The Corona test: this is already a part of the everyday lives of the personnel in schools, day care centres, hospitals and nursing facilities. The rapid (antigen) test carried out by qualified personnel does have a disadvantage, however, as it requires a smear to be taken from the nose and throat, which many find unpleasant. In order to compensate this disadvantage, a team headed by Dr. Cornelia Hettrich of the Fraunhofer Institute for Cell Therapy and Immunology IZI, Department of Bio-analytics and Bio-processes IZI-BB, is working on possibilities to facilitate this test procedure. Their approach to this is thereby quite simple: a sensor is to be directly integrated into a respiratory mask and there will measure and analyse the viral load in the exhaled breath of the wearers continuously. For even if the persons concerned do not display any symptoms, the viral load in their breath is already sufficient to prove that they are infected with SARS-CoV-2. The test result would thus be available immediately and possible without a smear from the nose or throat.
Ideas Competition of the Fraunhofer-Gesellschaft led to a Number of promising Research Proposals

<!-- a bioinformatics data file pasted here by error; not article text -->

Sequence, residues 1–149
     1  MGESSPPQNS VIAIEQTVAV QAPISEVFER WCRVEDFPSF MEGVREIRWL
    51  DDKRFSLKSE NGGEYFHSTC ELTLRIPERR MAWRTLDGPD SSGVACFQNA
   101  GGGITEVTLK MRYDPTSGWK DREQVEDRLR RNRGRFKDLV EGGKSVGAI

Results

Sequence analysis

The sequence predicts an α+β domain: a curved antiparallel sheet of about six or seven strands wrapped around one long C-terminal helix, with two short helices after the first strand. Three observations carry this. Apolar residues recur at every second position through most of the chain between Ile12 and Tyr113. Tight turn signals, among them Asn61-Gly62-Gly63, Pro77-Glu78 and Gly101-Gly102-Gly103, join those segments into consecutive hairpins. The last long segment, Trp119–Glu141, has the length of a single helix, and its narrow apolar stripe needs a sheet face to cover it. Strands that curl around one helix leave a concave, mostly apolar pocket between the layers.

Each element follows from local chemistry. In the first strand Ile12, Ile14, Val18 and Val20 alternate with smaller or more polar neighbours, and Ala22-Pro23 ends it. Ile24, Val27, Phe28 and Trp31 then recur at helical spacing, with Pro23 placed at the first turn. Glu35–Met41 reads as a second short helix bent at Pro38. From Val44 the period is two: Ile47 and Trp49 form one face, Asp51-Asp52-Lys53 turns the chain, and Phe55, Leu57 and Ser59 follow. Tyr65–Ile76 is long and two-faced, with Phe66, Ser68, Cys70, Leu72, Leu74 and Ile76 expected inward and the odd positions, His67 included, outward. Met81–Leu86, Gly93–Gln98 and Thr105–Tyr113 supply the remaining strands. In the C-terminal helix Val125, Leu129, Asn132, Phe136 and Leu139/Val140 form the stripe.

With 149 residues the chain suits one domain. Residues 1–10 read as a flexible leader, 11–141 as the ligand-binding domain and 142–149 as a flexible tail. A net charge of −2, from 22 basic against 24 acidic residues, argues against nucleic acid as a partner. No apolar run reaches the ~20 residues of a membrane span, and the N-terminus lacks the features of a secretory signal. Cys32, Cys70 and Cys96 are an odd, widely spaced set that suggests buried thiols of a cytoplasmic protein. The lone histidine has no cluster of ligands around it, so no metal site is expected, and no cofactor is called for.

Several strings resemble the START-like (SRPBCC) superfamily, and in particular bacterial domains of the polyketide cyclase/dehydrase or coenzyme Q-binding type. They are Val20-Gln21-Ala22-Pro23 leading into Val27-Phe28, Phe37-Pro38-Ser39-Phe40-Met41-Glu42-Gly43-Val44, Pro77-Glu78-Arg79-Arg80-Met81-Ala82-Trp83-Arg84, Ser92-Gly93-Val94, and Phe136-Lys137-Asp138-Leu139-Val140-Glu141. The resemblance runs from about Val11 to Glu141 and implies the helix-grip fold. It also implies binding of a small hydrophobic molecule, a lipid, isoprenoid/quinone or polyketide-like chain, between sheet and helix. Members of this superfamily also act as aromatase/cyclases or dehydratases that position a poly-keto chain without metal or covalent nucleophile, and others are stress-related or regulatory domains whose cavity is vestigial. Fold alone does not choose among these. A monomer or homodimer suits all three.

This research proposal is a joint project in which the scientist Dr. Hettrich of Fraunhofer IZI-BB in the Potsdam Science Park is cooperating with colleagues led by Dr. Kay Hettrich of the neighbouring Fraunhofer Institute for Applied Polymer Research IAP. The starter’s signal for this project was given in August 2020. The initial impulse for it came in April in an internal competition launched by the Fraunhofer-Gesellschaft. Ideas were being sought as to how to react to the Corona pandemic. In other words, applications and solutions ranging from medications to protective clothing or test procedures were being sought in order to preventively minimise the spreading of the virus and develop new therapy possibilities.